A Whole New Season of APTN

Beginning with this issue, What’s Up Yukon will be publishing a monthly entertainment roundup of APTN programming specific to the Yukon. I’ll do my best to provide you with highlights for each month and I’ll throw in an insider tidbit, here and there, just to remind you that Canadian TV is cool.

Tidbit #1: Did you know that the hunky “wolf pack” actor in the blockbuster Twilight movie sequel, New Moon (set to be released Nov. 20), is none other than Bronson Pelletier, the main character of the long-time APTN series, renegadepress.com.

Cool, huh?

So what’s new at APTN for November? Fall and winter are busy times here, and this year is no exception. Having celebrated our 10th anniversary, in September, the network launched an exciting new fall-programming season with a schedule chock full of new series, comedies, kids’ programs, music, movies, documentaries and more.

You may have already seen the premiere of the new APTN series, Double Trouble, a hilarious teen comedy à la The Parent Trap, and new seasons of the returning children’s series, Inuk.

Rave reviews are also coming in from the October premieres of the documentary history series, Chiefs, the saga of the great First Nations leaders, warriors and diplomats, such as Sitting Bull, Pontiac, Joseph Brant, Black Hawk and Poundmaker, and the War of 1812 (the war that sealed the destiny of North America).

Early this month, music enthusiasts will be excited to see that APTN and APTN HD will once again broadcast the Aboriginal Peoples Choice Music Awards, live from Winnipeg (Nov. 6 at 6 p.m. Yukon time). This year’s show, hosted once again by Lorne Cardinal (Corner Gas), features performances from Buffy Sainte-Marie, Charlie Major, George Canyon, Sierra Noble, Tracy Bone, Joey Stylez, Inez and Digging Roots.

Tidbit #2: Canadian Aboriginal artists are making waves in the music world. Crystal Shawanda’s album, Dawn of a New Day, debuted at No. 2 on the Canadian Country Albums chart and No. 16 on the U.S. Billboard Top Country Albums chart, while blues artist Derek Miller is a two-time winner of the Juno Award for Aboriginal Recording of the Year, for his albums Lovesick Blues and The Dirty Looks.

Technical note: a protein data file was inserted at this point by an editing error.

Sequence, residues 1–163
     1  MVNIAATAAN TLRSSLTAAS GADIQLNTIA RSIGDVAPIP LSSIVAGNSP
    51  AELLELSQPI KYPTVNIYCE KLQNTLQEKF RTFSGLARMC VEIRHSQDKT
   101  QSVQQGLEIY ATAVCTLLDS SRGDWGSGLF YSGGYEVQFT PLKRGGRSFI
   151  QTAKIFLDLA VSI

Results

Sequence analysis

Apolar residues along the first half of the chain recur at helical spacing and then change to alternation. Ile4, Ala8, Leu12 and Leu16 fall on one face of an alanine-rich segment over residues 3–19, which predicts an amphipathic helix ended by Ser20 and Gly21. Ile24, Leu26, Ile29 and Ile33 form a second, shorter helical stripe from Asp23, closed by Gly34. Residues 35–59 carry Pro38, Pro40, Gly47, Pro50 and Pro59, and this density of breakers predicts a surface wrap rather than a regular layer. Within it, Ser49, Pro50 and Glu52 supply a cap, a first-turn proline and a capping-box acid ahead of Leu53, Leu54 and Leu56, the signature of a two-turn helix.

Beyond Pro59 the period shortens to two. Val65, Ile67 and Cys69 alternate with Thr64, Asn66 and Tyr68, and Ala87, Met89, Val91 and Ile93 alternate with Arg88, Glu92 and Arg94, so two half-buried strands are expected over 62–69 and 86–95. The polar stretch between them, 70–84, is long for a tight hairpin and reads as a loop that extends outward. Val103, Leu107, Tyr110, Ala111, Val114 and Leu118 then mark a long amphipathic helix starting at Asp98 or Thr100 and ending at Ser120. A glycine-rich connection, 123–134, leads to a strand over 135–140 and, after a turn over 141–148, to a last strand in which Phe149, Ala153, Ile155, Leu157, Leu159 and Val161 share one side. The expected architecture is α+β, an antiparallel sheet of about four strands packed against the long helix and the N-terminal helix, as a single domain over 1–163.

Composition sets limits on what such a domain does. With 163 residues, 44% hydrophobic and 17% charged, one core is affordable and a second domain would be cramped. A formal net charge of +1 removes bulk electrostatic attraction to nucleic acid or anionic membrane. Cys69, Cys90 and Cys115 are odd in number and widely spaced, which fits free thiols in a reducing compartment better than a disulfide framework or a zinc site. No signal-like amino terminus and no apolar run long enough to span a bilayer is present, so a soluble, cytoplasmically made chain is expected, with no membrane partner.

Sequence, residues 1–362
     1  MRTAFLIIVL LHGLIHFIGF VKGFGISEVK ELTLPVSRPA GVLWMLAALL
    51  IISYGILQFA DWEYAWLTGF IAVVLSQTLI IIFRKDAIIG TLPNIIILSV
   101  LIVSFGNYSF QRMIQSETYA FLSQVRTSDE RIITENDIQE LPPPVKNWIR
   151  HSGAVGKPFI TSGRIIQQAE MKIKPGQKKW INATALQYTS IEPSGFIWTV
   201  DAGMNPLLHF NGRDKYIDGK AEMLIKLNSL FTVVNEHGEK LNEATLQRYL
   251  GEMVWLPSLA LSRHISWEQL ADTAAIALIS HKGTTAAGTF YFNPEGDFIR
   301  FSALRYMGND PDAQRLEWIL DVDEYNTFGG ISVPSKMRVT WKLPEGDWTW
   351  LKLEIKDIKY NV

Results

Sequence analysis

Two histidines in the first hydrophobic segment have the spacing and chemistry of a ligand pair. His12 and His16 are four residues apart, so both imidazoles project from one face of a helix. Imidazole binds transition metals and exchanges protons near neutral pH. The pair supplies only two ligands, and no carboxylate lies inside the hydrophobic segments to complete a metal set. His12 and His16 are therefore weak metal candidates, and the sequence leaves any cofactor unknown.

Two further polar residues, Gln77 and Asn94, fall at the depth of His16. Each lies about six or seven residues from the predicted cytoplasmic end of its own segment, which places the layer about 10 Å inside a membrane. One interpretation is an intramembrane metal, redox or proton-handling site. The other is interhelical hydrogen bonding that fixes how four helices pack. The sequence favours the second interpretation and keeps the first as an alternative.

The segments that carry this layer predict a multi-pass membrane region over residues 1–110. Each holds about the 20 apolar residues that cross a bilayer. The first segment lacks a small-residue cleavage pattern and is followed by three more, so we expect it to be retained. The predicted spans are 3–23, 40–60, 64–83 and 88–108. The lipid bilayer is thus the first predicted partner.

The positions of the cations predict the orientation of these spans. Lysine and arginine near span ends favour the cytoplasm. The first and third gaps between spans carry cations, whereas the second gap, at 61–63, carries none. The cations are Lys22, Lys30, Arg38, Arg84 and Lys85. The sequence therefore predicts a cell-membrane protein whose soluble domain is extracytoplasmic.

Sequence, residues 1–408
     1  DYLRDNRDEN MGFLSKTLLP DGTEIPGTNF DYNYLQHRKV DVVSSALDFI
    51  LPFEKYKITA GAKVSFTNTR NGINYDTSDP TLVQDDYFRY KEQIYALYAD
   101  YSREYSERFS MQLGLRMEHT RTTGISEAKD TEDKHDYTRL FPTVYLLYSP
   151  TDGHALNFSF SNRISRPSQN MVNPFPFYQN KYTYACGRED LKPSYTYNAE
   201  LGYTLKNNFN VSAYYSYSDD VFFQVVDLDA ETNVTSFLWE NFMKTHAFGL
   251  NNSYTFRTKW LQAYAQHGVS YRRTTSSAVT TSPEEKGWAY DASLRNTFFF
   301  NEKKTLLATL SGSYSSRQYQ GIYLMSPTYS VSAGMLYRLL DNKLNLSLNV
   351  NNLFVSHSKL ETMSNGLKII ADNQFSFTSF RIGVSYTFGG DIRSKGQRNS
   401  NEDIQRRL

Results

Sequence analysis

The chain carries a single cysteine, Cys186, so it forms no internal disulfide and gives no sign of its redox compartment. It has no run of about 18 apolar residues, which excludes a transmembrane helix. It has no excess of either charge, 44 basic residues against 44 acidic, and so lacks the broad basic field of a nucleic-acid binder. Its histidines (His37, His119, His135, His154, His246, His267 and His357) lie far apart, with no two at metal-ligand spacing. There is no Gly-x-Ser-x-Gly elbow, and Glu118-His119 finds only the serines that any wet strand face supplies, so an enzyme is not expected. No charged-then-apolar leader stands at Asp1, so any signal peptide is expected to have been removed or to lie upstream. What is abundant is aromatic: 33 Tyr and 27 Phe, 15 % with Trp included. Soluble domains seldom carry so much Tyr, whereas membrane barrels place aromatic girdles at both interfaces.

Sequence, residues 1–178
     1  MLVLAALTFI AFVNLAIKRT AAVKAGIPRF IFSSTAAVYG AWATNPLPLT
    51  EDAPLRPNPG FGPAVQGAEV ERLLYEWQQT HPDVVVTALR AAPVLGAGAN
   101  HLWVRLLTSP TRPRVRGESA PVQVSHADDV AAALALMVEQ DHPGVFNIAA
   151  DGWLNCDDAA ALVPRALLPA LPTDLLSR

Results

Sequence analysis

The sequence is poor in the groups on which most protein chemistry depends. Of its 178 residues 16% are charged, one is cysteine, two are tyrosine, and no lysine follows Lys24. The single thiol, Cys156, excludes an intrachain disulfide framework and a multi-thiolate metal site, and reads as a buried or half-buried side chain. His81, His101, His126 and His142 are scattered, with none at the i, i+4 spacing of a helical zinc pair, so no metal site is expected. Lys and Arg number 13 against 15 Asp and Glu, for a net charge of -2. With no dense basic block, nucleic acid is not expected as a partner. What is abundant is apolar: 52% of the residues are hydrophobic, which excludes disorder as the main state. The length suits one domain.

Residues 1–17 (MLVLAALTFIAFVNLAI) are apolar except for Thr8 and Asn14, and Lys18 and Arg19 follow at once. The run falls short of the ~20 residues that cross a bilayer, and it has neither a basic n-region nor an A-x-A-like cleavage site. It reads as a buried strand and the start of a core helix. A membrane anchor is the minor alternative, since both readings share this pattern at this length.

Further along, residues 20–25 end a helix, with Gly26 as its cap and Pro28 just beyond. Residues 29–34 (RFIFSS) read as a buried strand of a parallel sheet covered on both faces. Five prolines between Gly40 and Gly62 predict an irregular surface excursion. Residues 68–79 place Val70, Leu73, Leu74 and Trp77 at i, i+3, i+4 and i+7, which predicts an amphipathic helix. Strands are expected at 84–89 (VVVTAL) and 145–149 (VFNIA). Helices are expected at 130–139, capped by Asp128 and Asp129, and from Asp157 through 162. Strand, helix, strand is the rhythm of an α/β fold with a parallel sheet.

Also, in November, we’ll honour our veterans with special APTN Remembrance Day programming that will include Reservation Soldiers, chronicling the journey of a select group of Aboriginal youth vying to join the military ranks; Trudell, the engaging life story of Native American poet-prophet-activist, John Trudell; Ayaa – A hero’s Journey, the amazing story of First Nations war veteran Albert Thomas as he discovers his Dutch immigrant neighbour was one of two children he saved half a century before in war-torn Holland; the War of 1812 and Born in the Snow, the fascinating story of Eddy Weetaltuk, who, using the borrowed name of Edward Vital, joined the Canadian Forces and took part in the Korean War at a time when Aboriginal people were not allowed to enlist.

We’ll close out the month with new seasons of our Northern-language programming including Takuginai, a children’s show broadcast in Inuktitut; Qaujisaut, a lifestyles show targeted to Inuit youth; Niqitsiat, the popular Inuit cooking show; and Kippinguijautiit, an Inuit entertainment program showcasing Northern musicians, performers, games, athletes, artists, comedians and storytellers.

And don’t forget to check out the APTN National News (weekdays at 4 p.m. Yukon local time) with its new, hour-long edition and our two all-new News and Current Affairs programs, APTN InFocus and APTN Investigates (Fridays at 4:30 p.m.).

Next month: watch for the rollout of our pre-Olympic programming.

Make sure to log on to www.aptn.ca to see our full Northern schedule and more information on current programming and initiatives, contests and memberships.

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